Aside for that, set your mind to what you are doing and do it. Not every day is a joy ride, but you will or already have other responsibilities, and they should be your top priority.

John
 

JimB

Super Moderator
Most Helpful Member
Well, how do you keep the same job for years and remain happy and dedicated to it?
It can be difficult.
Most jobs are exciting when you first start, sometimes in the first day or two you think "what the hell am I doing here?", but usually it is OK.
Then as time goes by things change, and what was a super job turns into a real grind, often there is nothing you can do about it to change it, you just have to bide your time, suck it up and look for something new elsewhere.
As time goes by and you get more experience you will learn that there are downsides to every job, just work your way through the rough parts until things are smooth again.

JimB
 

HarveyH42

Banned
School and working are a tough combination, but if you drag your way through it, and get the degree, your outlook will change. Your employer will now have a more valuable employee, who has better chance of stepping up to a better paying job, so they will be more likely to want to keep you around. You demonstrated that you have the drive and motivation to reach goals, something most companies seek in employees. If your current job still sucks, after earning your degree, you can usually find a better one. Very few people like to work for other people, you are going to feel a little bummed out no matter what. After you get one really bad, messed up, dysfunctional job, you'll appreciate some of the jobs you had in the past, more.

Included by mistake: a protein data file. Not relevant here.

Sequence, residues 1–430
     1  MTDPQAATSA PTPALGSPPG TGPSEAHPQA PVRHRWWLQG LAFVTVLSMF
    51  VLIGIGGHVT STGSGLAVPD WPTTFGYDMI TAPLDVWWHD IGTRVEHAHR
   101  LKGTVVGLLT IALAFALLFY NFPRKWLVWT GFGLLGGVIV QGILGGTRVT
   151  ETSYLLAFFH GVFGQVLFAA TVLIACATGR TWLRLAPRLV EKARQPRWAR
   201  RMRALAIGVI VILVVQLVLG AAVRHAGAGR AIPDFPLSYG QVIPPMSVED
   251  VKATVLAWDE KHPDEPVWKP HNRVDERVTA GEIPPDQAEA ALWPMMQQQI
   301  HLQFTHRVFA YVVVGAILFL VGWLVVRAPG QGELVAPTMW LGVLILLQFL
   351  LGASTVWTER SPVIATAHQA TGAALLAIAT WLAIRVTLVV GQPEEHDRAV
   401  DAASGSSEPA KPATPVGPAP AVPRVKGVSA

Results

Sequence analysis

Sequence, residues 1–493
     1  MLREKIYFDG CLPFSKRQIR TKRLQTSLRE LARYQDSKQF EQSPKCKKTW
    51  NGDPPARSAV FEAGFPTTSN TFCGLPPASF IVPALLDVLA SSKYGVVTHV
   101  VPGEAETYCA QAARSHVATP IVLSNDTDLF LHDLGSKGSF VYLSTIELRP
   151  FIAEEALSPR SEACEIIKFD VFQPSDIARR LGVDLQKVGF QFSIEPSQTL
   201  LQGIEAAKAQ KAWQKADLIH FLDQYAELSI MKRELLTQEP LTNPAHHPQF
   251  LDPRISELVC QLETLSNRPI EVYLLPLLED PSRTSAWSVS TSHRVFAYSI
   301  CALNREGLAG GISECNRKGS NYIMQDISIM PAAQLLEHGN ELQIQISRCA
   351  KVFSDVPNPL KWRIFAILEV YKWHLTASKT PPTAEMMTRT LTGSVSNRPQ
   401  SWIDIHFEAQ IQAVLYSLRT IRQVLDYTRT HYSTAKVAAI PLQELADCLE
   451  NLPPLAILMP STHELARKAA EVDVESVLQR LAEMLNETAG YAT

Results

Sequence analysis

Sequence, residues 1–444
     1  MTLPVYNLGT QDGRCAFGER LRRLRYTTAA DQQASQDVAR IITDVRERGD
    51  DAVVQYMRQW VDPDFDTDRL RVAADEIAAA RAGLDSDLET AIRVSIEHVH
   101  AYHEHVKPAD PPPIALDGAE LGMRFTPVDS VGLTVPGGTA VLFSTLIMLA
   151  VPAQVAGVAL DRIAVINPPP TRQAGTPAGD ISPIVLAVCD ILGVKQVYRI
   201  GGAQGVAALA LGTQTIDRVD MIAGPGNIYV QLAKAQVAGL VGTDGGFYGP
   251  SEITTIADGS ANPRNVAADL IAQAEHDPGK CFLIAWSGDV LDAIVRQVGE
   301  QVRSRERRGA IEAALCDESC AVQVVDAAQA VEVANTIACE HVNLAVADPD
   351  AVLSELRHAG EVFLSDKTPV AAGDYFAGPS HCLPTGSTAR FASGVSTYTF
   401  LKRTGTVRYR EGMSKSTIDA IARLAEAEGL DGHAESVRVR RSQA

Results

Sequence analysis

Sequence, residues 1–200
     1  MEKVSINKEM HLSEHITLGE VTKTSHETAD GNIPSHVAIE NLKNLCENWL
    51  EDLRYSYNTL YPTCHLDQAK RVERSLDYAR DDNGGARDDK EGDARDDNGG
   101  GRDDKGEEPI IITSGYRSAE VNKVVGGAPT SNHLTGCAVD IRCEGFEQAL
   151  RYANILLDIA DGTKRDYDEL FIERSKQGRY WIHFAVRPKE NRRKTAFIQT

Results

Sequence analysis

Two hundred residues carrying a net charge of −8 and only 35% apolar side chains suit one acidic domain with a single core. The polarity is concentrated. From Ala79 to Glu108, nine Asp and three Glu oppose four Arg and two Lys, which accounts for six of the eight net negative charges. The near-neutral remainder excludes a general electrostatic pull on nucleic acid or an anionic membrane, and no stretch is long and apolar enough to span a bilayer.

You usually can't improve things at your job much, but you can improve yourself. Might consider studying the bible (doesn't matter much which one) sometime. It can teach you a lot about how to get a long with the people around you. I'm telling to get religious, go to church, or become a theology major, but there is a lot of good stuff for dealing with exactly the same problems you are having now, and pretty much every job you ever get.
 

Mikebits

Well-Known Member
If you work at a place doing something you are passionate about, you never work a day in your life. Tough part is finding this passion and pursuing it.
 

lavenatti

Member